Relocation & Taxes: 5 Facts Every Employee Should Know in 2023

Corporate relocation benefits can be complicated, and one notoriously-complex area is the tax implications for employees.

One reason for this is that U.S. tax law was radically changed five years ago, with the passage of the Tax Cuts and Jobs Act of 2017. Unfortunately, most of these changes don’t favor employees (or their employers, but that’s another story).

However, knowledge is power. When you understand how relocation benefits are treated by the IRS, you can plan accordingly—which is why we’re sharing these key facts here. If you relocated recently or if it’s in your future, you’ll want to discuss these with your employer and tax advisor.  


1: Relocation Benefits Are Considered Taxable Income      

In the good old days, relocation benefits—or, in IRS speak—“qualified moving expense reimbursements”—were not treated as income, so employees didn’t pay taxes on them. But that all changed on January 1, 2018, when the Tax Cuts and Jobs Act took effect. 

Now, all relocation benefits that an employee receives are taxable. It doesn’t matter if the funds are paid upfront in a lump sum, as after-the-fact reimbursements, or even if the employer pays vendors directly. 

The sole exception: active service members who move as a result of a military order. They don’t need to claim qualified reimbursements as income; in fact, they can deduct unreimbursed moving expenses. But unless you fall into this group, it’s not an option for you right now. 


2. Many Employers Cover Those Taxes, Via Tax Gross-ups

Now, here’s some good news: most employers will provide employees with additional funds to cover the cost of relocation-related taxes. These funds are called tax gross-ups.

Employers do it because they know that the goal of offering relocation benefits is to persuade new hires to move and existing employees to accept job transfers. They understand that sticking employees with a big tax bill after the fact undercuts that goodwill.

That said, here are two questions to always ask employers about tax gross-ups:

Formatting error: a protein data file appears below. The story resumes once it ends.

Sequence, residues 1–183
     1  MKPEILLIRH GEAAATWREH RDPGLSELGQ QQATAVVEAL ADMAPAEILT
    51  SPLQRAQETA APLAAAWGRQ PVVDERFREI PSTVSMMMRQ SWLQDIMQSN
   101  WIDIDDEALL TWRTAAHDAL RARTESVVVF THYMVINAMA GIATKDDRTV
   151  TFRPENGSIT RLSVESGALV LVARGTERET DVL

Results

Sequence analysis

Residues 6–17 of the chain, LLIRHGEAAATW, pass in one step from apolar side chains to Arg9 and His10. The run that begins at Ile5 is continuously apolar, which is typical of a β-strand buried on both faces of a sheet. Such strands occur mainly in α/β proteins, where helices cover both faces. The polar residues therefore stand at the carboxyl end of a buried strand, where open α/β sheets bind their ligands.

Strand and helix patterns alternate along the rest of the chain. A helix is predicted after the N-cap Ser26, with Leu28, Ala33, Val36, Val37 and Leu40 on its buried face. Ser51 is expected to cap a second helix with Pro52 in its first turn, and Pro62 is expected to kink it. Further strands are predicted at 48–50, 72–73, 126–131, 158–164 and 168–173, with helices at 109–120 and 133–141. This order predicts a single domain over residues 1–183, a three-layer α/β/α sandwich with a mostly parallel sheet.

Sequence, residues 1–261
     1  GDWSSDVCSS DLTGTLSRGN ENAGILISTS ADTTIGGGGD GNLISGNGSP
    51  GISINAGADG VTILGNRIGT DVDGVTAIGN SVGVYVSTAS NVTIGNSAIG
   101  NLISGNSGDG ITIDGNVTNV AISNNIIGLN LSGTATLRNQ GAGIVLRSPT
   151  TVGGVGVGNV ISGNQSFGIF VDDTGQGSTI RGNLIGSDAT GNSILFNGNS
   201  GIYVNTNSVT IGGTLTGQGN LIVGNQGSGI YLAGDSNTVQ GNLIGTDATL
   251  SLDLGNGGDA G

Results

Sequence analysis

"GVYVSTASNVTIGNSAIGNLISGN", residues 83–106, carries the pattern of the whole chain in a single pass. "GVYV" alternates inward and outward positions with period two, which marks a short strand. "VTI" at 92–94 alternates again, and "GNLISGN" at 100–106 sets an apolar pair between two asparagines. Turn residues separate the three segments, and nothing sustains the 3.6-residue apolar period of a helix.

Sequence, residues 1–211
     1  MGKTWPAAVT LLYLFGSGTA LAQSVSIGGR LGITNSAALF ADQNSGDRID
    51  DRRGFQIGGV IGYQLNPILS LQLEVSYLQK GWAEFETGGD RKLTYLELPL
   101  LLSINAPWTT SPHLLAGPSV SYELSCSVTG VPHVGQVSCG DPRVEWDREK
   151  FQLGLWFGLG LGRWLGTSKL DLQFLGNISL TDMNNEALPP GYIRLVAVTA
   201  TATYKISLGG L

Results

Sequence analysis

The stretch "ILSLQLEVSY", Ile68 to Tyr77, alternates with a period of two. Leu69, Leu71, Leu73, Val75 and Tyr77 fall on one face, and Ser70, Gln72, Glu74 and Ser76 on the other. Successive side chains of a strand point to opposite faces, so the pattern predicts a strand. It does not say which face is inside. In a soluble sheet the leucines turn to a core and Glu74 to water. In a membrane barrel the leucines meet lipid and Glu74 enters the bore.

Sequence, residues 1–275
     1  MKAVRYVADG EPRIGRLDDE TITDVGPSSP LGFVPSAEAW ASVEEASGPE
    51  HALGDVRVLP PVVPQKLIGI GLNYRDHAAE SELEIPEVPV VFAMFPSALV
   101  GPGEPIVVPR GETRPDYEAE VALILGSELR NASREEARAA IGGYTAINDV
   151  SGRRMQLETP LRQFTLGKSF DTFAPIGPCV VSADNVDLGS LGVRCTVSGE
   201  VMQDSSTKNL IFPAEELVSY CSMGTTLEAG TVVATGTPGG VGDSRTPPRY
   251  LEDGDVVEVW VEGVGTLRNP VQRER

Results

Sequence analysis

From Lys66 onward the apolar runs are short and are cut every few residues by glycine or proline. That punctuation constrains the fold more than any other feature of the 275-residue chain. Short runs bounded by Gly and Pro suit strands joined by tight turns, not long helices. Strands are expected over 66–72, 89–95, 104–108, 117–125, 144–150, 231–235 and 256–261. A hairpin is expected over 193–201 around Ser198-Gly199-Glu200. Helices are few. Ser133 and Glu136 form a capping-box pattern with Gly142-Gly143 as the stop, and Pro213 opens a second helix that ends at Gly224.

• Before accepting a job offer with a relocation package, ask if tax gross-ups are included. While most employers provide them, it’s not a given. But it can be negotiated—if you ask upfront.
  • Tax gross-ups can be calculated and handled in different ways. (Many employers have their relocation companies handle these on their behalf.) Ask your employer what to expect, so there’s no confusion at tax time.  


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3. A Few States Allow Deductions for Moving Expenses 

Most states link their tax codes to federal tax law, but a few states allow residents to take deductions on job-related moving expenses that employees have paid out-of-pocket. 

While the specifics vary by state, these deductions generally include unreimbursed costs for moving household goods, as travel and mileage. To the best of our knowledge, this is the case in:
•    Arkansas
•    California
•    Hawaii
•    Massachusetts
•    New Jersey
•    New York
Obviously, this is something to discuss with your accountant regarding your state taxes. 


4.  Some Home-Buying Expenses Remain Tax Deductible

More good news: if your relocation includes a home purchase, some unreimbursed closing costs are tax deductible, including:  

•    State and local real-estate taxes, up to $10,000
•    Mortgage interest on loans up to $750,000, including some or all mortgage points  

Now, many relocation policies do cover some or all closing costs, which may include mortgage points. So, once again: be sure to review this with your advisor when preparing your taxes.


5. More Tax Rule Changes Ahead!    

Many provisions of the Tax Cuts and Jobs Act are scheduled to sunset on December 31, 2025, including the treatment of employer-paid relocation expenses. If no new laws are enacted between now and then, IRS rules would revert to pre-2018 status—which means paid relocation expenses would no longer be taxable to employees.  

However, at this point, it’s unclear what will happen. Last fall, House Republicans introduced the TCJA Permanency Act, which as the name implies, would extend the life of the Tax Cuts and Jobs Act. Although the bill is controversial, it was reintroduced in February, 2023. We don’t really know how things will unfold. 

Despite everything, one thing is clear: if you wish to relocate for a job opportunity, relocation benefits can be a gamechanger—and when an employer offers them to you, that’s an excellent sign that this employer values its people. 

At that point, it’s up to you to find out what those benefits include and how to make the most of them, tax implications and all. 

Human Resources Today